(Bloomberg) -- Staff at the U.K. Parliament remain hampered after a cyberattack that compromised about 90 lawmakers’ email accounts.
To prevent the attackers from gaining access to vital data, Parliament has limited the ability of MPs to access the legislature’s computer network remotely. Those restrictions remained in place Monday. A House of Commons spokeswoman said in a statement that Parliament is planning to resume its wider IT services.
Staff arriving at Parliament Monday morning were handed notices informing them that access to the parliamentary network was suspended for all users until they changed their passwords and put in place multi-factor authentication. This is an added layer of security that requires users to present another type of identifying information beyond just a password. In this case, Parliament is asking users for a mobile-phone number that can be used to text them a security code. The notice also reminded staff how to choose a strong password.
The spokeswoman described the cyberattack as "sustained and determined." Hackers gained access to lawmakers’ accounts that had used "weak passwords" that did not comply with government guidance, the spokeswoman said.
Last week, The Times of London reported that passwords for thousands of U.K. government officials had been made available for purchase on Russian hacker forums. The passwords were believed to have been stolen in a 2012 hack of the business social network LinkedIn.
The House of Commons said the investigation into the most recent cyberattack was ongoing. It said the attack had compromised fewer than one percent of the 9,000 accounts on Parliament’s network.
"As they are identified, the individuals whose accounts have been compromised have been contracted and investigations to determine whether any data has been lost are under way," the Commons statement said.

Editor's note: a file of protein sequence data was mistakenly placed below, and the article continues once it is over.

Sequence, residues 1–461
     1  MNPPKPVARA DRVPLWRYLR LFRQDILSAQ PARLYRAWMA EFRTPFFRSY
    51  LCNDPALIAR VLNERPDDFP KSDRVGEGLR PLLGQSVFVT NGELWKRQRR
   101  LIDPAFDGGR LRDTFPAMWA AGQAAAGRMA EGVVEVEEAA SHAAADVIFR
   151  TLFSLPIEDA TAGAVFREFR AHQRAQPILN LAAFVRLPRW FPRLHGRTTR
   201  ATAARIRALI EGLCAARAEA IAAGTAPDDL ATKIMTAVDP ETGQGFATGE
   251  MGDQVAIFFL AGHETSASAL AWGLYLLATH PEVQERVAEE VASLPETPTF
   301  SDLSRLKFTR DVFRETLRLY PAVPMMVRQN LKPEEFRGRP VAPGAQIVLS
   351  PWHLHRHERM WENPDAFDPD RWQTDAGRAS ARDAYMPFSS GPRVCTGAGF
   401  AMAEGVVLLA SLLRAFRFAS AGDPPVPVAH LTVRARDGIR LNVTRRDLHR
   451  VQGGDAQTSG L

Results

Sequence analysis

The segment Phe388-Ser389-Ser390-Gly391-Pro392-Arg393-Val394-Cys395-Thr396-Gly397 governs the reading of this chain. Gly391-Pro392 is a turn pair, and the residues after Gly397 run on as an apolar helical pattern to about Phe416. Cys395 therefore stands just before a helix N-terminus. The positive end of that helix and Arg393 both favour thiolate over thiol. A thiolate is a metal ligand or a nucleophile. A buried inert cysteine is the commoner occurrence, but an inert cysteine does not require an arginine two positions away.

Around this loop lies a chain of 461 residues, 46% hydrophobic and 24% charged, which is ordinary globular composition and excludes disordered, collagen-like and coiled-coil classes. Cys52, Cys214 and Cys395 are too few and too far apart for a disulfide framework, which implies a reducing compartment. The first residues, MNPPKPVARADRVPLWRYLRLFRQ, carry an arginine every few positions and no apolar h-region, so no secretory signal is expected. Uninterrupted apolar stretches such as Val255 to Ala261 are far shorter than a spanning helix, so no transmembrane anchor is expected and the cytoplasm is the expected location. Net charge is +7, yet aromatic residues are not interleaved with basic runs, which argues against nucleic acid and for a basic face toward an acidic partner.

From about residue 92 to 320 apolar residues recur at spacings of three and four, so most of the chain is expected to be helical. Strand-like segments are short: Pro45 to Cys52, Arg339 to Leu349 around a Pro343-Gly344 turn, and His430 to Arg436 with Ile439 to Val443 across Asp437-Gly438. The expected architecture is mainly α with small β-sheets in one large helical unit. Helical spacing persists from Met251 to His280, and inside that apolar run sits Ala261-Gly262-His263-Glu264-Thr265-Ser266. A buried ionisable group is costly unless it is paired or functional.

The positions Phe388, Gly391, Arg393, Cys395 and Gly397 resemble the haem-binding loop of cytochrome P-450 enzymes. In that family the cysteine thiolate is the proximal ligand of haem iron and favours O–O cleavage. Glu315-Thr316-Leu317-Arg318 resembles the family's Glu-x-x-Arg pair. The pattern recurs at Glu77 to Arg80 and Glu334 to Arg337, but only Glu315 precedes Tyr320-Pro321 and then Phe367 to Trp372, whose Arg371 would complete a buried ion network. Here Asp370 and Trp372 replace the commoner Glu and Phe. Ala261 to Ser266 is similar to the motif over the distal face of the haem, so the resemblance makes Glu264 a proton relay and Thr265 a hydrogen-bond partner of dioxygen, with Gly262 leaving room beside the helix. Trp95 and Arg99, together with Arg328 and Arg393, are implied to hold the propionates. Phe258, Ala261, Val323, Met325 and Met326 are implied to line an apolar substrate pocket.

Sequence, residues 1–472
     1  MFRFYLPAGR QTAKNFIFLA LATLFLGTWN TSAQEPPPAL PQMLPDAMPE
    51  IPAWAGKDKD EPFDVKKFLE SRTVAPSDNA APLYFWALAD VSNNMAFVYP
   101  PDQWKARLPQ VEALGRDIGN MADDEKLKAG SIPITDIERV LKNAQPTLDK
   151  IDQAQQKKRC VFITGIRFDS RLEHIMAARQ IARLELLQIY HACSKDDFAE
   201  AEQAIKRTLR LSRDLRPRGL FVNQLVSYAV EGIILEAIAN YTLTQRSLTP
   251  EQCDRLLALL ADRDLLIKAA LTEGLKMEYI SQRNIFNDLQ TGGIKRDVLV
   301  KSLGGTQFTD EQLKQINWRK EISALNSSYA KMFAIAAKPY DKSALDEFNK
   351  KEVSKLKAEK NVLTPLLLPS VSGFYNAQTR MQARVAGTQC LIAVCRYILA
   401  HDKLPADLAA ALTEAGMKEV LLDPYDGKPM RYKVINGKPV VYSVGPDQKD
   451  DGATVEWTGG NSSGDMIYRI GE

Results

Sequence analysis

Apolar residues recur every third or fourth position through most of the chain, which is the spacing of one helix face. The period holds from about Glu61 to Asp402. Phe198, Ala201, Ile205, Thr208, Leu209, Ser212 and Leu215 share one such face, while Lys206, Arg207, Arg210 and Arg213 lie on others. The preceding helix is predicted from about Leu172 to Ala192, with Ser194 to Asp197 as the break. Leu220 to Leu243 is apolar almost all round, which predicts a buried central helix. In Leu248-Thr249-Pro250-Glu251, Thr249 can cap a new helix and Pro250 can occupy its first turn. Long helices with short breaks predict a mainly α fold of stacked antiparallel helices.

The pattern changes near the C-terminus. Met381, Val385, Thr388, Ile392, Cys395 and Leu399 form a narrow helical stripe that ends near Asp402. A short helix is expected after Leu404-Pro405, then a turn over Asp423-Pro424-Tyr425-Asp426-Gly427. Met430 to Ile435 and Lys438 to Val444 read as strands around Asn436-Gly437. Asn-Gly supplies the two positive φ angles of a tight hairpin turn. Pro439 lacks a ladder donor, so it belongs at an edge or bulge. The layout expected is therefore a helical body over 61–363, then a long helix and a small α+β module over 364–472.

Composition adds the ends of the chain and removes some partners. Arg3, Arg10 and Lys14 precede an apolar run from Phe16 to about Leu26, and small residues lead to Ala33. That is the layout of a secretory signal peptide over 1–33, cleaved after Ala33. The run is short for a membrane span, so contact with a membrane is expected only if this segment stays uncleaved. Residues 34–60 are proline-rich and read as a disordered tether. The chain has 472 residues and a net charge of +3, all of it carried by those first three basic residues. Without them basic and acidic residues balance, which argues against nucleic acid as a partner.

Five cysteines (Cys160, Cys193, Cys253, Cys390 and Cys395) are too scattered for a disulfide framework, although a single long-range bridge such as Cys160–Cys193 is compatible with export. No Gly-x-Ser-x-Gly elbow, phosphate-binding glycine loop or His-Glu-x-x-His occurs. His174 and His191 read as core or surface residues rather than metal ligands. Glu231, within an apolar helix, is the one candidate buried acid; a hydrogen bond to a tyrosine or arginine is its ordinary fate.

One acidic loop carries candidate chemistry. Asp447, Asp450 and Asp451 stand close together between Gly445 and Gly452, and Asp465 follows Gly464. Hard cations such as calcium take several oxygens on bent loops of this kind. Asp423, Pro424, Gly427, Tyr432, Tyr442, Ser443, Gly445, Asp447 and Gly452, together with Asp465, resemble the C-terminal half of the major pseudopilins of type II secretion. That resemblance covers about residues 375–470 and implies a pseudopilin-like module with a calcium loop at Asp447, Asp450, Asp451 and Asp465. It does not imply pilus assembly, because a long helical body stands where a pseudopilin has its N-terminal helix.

The Parliament has been working with the National Cyber Security Centre, a division of Government Communications Headquarters (GCHQ), the U.K. signals intelligence agency, to investigate the hack.
Cybersecurity experts said the attack was a wake-up call. "This initial attack may have only affected one percent of parliamentary emails, but getting into one is enough," said Jamie Graves, the chief executive officer of Edinburgh-based cybersecurity company ZoneFox. He said compromising a single account could allow hackers to penetrate vital government systems. "It really calls into question the security practices of government if, in 2017, we are still being compromised by the basics, such as weak passwords."
Neil Larkins, co-founder and chief operating officer of London-based Egress Software Technologies, which provides message-encryption technology, said that the attack demonstrated that human beings remain the biggest security vulnerability for most computer networks. "Hackers weren’t targeting the technology, but the people," he said.
--With assistance from Alex Morales
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